I believe the two things I mentioned in this post should go a long way toward alleviating random encounter fatigue, and possibly eliminating it entirely. Only time will tell if I am correct. I was planning on releasing a rough demo to demonstrate the core battle mechanics some time this week, but then I realized, even though its technically got some playable functionality, its still in a really rough shape. I really don’t have anything to gain by releasing a demo this early. Maybe in a couple of weeks. Maybe if I’m feeling brave I’ll post some screenshots or videos showing off the graphics I made for this game.

 

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As I mentioned in the last post I have been working on a game in game maker. The combat is similar to any turn based jrpg, with the main difference being that in this game you the characters can advance left and right across the battlefield and every character has a range they can attack. In general you have your tough melee characters go in front to take the brunt of the enemy attack, and the characters with magic or ranged weapons take potshots form the safety of the back rows.

Now the first problem I thought of with this battle system is that each side will advance toward each other and once they are within attacking range the battles will basically be the same as any other jrpg. Nobody will bother moving once they are able to attack the enemy. To deal with this problem I have come up with some ideas to encourage movement as much as possible.

First off, one of the player controlled characters has the ability to place mines. When a enemy enters that row at a later time, they will take massive damage. This is an ability that encourages the player to retreat rather than advance.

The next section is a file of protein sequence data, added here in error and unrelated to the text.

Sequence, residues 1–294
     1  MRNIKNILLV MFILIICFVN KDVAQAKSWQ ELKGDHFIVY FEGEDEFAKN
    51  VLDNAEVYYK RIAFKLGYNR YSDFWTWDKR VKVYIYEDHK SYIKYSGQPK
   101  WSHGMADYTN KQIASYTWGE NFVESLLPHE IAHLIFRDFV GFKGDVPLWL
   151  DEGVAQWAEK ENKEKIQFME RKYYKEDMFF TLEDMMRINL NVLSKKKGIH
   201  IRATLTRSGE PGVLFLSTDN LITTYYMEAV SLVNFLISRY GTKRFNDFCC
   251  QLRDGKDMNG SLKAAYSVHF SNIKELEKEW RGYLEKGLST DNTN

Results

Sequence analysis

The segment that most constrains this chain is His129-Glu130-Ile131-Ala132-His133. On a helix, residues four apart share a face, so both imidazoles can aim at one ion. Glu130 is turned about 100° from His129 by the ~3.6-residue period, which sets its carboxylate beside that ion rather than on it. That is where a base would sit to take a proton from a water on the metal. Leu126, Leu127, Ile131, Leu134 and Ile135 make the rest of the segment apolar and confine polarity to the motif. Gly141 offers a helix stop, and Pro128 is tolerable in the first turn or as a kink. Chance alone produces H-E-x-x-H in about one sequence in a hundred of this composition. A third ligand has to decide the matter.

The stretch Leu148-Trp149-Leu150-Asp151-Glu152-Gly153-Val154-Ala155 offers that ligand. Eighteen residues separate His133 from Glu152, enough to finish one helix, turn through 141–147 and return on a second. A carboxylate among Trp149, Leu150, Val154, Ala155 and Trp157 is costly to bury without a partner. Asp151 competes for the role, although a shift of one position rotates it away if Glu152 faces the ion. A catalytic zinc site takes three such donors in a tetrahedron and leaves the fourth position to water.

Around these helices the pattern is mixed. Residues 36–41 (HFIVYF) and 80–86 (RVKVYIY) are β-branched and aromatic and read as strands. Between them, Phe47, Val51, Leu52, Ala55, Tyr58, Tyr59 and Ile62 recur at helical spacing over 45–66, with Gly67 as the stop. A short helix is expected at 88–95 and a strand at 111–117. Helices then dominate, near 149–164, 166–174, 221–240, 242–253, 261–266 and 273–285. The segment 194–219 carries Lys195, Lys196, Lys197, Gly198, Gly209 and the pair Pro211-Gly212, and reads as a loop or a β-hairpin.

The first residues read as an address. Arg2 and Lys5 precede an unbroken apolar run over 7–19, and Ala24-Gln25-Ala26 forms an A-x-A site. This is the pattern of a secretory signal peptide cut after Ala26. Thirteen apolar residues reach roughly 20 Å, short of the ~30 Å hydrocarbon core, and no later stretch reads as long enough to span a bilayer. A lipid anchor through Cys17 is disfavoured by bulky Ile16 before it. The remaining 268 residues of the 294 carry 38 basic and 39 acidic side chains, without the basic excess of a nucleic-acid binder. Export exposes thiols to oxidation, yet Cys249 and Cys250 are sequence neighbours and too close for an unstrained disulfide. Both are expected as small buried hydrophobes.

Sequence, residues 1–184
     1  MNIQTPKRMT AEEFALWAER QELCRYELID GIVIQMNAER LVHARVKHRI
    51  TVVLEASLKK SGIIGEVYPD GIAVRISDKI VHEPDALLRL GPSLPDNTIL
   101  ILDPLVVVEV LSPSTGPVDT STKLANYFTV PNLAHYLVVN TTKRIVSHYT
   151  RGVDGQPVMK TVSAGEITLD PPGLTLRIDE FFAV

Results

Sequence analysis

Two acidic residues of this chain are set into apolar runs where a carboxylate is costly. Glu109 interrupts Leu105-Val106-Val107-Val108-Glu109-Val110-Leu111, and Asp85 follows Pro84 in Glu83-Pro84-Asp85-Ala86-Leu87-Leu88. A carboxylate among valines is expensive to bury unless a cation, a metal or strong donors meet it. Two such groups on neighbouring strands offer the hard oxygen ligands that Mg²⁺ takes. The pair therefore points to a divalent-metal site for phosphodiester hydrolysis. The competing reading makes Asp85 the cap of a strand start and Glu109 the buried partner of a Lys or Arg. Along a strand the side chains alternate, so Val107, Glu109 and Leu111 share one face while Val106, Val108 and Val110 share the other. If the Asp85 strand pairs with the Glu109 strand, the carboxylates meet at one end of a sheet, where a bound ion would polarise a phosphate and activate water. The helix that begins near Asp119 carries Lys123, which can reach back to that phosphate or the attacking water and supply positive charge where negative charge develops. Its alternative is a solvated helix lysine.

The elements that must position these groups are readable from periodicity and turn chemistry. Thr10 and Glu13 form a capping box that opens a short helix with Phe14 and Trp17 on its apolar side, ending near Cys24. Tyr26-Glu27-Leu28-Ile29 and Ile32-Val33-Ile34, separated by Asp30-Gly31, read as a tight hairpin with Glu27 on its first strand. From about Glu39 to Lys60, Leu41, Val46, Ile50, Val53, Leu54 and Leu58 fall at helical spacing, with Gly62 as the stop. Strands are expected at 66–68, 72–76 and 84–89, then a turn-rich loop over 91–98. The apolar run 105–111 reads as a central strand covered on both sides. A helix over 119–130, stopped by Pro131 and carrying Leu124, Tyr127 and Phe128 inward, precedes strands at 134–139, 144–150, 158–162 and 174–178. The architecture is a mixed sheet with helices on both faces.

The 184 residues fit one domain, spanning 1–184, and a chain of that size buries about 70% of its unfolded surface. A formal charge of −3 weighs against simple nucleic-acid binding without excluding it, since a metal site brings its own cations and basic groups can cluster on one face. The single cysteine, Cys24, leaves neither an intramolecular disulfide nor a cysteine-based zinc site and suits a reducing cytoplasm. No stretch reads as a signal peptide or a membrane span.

Another character has two related abilities, knockback and pull. Knockback, in addition to doing a little bit of damage, will move enemy unit back one row, if there is space for it to move there. If you are taking massive amounts of damage fighting several tough melee enemies at once, knocking one of them out of range while still doing some damage can make the situation more manageable. Pull does the opposite it takes an enemy from 2 rows away and pulls them closer, if the row is not full. This can be useful if there is some wizard dealing massive damage from out of range, and you can pull him close and deal with him on your terms.

Another thing I added to make battles more interesting is that certain rows will offer defense bonuses. This will work well with another ability one of the characters has, which is teleport. Using that the character can teleport to any row in the battle that is not full or occupied by an enemy. Since players and enemies cannot occupy the same row, if it looks like enemies will reach a row with a defense bonus before you, you can have the character teleport there and hold the row until everyone else arrives. Now this could be risky, because the character who can teleport is a spellcaster which mean he can’t take as many hits as some of the stronger characters. The magnitude of the defense bonus and the enemies being faced in this situation will determine whether this is a good strategy to use or not.

In addition to those there are the usual jrpg battle options, several types of healing spells, and attack magic. The more costly magic spells not only do more damage but will have greater range. There are also items to do things like restore HP and MP. And if none of those options are needed at the time, a character can always wait.

The combat system is basically done. I may need to add more abilities, or adjust the the ones I already have to cost a different amount or do different amount of damage, but most of the abilities I wanted are in the game and seem to be functional. I will need to do some serious testing to make sure all this works properly but so far the battle system works exactly as it is supposed to. A more serious problem is getting the user interface to not be absolutely horrible. And of course I’ll need all sorts of stuff that exists in the game outside of the battle, like shops and equipment and stuff like that. Basically I’ve worked on nothing in this game except for the battle system.

This is about the game Bulletstorm obviously, and its really hard to do justice to this game in writing. Its really something you have to experience for yourself.